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Lititz in Lancaster County, Pennsylvania — The American Northeast (Mid-Atlantic)
 

Last Memorial Day Encampment

 
 
Last Memorial Day Encampment Marker image. Click for full size.
By William Fischer, Jr., November 11, 2018
1. Last Memorial Day Encampment Marker
Inscription.  

On Memorial Day, May 31, 1920, members of Stevens Post No. 517 of The Grand Army of the Republic met on the Lititz Springs grounds for the last time. In recognition of their fallen comrades, the 15 remaining local Civil War Veterans set up tents and established a working encampment.

Long was the responsibility of Stevens Post No. 517 of the G.A.R. to decorate the graves of all U.S. Veterans. It was August 1, 1919 when officers were elected and a new American Legion Post was organized in Lititz. Chartered the following year, the newly named Garden Spot Post 56 took over decorating the graves on Memorial Day. This tradition continues today.

[Photo caption reads]
Front Row l/r - Edwin Enck, John Carpenter, Edwin Sturgis, William Smith, William Mathers
Back Row l/r - George Hackman, Urias Adams, John Crall, Hiram Demmy, Allen Hacker, John Enck, Michael Bear

This marker is provided by and dedicated to the memory of
Robert "Sketch" Mearig
a collector of Lititz history, who loved Lititz Springs Park

 
Erected 2009.
 
Topics.
Last Memorial Day Encampment Marker image. Click for full size.
By William Fischer, Jr., November 11, 2018
2. Last Memorial Day Encampment Marker
This historical marker is listed in these topic lists: Fraternal or Sororal OrganizationsParks & Recreational AreasPatriots & PatriotismWar, US Civil.
 
Location. 40° 9.429′ N, 76° 18.67′ W. Marker is in Lititz, Pennsylvania, in Lancaster County. Touch for map. Marker is at or near this postal address: Lititz Springs Park, 24 North Broad Street, Lititz PA 17543, United States of America. Touch for directions.
 
Other nearby markers. At least 8 other markers are within walking distance of this marker. Arched Bridge (here, next to this marker); Springs Head-End (a few steps from this marker); Beck Memorial Band Shell (a few steps from this marker); Music Pavilion (within shouting distance of this marker); Paul E. Beck Memorial Band Shell (within shouting distance of this marker); An Icon of Lititz Springs Park (within shouting distance of this marker); "Steps of Progress" (within shouting distance of this marker); Round House (within shouting distance of this marker). Touch for a list and map of all markers in Lititz.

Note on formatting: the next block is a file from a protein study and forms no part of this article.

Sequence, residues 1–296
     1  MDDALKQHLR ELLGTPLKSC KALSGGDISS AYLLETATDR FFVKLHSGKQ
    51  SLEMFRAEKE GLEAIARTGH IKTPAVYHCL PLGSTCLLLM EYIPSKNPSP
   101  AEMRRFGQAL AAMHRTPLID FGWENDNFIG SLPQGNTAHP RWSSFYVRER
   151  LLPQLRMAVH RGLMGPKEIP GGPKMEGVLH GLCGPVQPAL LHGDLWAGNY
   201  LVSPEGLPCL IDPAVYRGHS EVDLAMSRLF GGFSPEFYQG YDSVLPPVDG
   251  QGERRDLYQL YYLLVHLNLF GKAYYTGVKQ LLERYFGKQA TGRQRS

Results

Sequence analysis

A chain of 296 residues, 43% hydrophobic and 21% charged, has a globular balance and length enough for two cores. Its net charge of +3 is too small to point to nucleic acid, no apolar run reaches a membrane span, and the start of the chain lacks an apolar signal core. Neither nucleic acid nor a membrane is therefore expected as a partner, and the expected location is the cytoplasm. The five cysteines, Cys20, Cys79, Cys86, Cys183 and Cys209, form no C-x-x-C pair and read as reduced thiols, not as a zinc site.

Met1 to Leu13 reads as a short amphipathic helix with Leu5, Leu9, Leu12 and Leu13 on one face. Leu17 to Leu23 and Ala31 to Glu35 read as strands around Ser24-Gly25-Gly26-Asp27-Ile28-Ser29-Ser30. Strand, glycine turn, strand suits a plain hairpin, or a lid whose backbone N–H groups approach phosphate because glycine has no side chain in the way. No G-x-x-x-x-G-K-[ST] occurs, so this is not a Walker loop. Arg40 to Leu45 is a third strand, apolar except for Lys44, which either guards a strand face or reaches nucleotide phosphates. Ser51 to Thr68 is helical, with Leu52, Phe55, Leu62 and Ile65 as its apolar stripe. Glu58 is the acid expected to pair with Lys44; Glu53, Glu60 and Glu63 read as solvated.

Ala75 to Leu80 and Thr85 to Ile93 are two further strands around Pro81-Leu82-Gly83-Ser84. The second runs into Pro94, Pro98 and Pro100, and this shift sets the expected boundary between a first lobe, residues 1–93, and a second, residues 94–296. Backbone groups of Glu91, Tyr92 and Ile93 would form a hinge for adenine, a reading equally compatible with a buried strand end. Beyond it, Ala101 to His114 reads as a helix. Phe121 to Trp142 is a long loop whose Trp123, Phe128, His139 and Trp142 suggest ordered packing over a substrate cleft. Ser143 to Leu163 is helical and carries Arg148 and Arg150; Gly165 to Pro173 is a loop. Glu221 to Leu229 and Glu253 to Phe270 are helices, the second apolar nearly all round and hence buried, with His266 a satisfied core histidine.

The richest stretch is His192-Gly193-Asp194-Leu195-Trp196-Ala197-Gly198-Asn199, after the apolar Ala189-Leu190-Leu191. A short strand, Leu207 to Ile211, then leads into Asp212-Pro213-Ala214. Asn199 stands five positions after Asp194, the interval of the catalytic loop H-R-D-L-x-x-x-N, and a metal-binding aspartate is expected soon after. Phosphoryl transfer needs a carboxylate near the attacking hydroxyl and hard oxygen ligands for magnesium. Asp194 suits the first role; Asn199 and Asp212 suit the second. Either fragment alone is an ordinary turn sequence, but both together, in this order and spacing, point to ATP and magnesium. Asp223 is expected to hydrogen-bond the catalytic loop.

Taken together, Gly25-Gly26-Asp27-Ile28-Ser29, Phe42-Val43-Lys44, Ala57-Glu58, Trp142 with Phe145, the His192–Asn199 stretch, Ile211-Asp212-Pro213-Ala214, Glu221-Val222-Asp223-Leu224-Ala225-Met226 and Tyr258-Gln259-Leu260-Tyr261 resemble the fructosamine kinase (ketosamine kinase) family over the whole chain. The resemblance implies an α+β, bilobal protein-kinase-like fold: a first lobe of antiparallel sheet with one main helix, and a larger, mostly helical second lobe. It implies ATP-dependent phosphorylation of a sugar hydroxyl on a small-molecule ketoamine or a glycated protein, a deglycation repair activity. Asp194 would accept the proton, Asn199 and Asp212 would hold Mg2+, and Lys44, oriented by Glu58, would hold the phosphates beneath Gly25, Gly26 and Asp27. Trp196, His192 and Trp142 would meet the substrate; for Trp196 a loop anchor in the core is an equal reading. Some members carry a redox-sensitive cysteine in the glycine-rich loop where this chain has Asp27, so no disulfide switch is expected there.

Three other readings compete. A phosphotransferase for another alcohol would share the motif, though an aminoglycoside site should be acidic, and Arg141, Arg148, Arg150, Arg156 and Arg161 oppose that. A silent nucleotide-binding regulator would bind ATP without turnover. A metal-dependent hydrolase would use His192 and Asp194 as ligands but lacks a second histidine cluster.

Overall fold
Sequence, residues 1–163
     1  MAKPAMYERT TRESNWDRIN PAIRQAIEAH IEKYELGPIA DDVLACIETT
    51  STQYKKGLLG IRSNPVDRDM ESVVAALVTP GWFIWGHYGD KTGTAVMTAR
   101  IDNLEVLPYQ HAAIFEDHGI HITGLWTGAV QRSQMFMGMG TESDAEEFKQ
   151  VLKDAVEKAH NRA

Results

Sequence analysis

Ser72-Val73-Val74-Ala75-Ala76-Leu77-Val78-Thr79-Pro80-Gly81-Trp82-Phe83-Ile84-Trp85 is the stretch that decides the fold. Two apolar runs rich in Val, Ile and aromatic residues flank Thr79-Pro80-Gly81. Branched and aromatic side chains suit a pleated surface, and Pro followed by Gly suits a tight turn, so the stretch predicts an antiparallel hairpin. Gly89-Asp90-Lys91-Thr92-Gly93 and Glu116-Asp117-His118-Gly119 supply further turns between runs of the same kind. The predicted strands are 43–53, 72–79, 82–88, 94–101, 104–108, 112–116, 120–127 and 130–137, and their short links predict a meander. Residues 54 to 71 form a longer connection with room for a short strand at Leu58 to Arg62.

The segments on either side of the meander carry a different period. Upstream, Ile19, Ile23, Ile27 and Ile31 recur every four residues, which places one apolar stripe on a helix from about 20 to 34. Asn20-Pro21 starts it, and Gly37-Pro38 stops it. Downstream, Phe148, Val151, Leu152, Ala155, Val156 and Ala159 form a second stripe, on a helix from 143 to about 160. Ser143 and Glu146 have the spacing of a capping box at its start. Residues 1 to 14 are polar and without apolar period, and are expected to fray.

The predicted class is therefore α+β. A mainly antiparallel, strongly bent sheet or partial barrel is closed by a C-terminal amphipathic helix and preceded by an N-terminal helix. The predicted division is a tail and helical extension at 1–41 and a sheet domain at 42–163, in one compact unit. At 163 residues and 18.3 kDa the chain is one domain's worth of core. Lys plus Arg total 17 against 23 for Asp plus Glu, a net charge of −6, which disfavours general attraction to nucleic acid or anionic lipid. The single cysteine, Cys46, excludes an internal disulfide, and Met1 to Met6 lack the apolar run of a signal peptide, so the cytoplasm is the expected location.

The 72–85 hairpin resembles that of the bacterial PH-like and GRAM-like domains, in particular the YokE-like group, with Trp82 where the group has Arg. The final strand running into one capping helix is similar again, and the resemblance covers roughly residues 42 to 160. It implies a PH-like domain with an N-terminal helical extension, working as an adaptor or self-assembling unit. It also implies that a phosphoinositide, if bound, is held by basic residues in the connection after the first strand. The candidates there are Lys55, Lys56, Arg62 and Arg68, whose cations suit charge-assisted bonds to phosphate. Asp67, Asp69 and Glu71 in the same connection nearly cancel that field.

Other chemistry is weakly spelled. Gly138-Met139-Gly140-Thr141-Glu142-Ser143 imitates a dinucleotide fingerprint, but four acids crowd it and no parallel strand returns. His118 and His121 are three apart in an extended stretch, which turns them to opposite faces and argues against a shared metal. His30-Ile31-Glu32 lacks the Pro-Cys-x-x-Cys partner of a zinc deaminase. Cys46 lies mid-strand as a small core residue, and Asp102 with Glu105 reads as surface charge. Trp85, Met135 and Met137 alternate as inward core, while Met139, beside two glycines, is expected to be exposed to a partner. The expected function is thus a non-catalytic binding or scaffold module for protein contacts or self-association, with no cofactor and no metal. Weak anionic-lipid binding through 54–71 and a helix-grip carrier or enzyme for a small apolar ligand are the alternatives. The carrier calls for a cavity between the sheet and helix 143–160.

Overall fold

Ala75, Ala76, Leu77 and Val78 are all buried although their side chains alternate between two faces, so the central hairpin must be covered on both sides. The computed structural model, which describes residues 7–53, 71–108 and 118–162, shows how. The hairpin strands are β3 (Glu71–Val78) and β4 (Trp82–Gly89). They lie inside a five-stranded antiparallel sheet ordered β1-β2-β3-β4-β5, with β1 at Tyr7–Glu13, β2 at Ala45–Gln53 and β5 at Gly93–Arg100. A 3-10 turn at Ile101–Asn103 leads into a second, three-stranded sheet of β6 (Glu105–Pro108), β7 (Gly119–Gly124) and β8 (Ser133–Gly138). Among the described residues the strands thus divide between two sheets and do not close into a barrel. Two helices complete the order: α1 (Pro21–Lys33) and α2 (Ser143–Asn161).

Regarding Last Memorial Day Encampment. From the Lititz Record newspaper (June 5, 2008):


80 Years Ago

Thursday Morning's Record

June 7, 1928

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Thinning Ranks - The Boys in Blue of '62 formed an organization here some time after the war, known as the Stevens Post No. 517, Grand Army of the Republic, affiliated with the national organization.

Because of the scarcity of members, the Post here disbanded last week.

Once a flourishing organization of over 50 strong, there remain only five members, namely John Crall, William Mathers, Henry Wike, Hiram Demmy and Edwin Sturgis.

In the heyday of the Stevens Post, when Capt. John Bricker, Drs. Brobst and Roebuck, Samuel Seaber and others now dead were active, the Post held fairs and drilled regularly in the old malt house.

There are four other Civil War veterans in the town, but not members of the post, as follows: Israel Bear, John Wommert, George Hackman, and William Gable.

These nine men comprise the list of survivors, all over 80 years of age, who answered the call for their country in the stirring days of the Civil War.

The G.A.R. veterans now have their headquarters in the American Legion Home, where they moved their records and other things connected with the old Post.
 
Also see . . .
1. Lititz Springs Park History. (Submitted on November 13, 2018, by William Fischer, Jr. of Scranton, Pennsylvania.)
2. Grand Army of the Republic History. (Submitted on November 13, 2018, by William Fischer, Jr. of Scranton, Pennsylvania.)
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Credits. This page was last revised on November 13, 2018. It was originally submitted on November 13, 2018, by William Fischer, Jr. of Scranton, Pennsylvania. This page has been viewed 92 times since then. Photos:   1, 2. submitted on November 13, 2018, by William Fischer, Jr. of Scranton, Pennsylvania.
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Mar. 3, 2021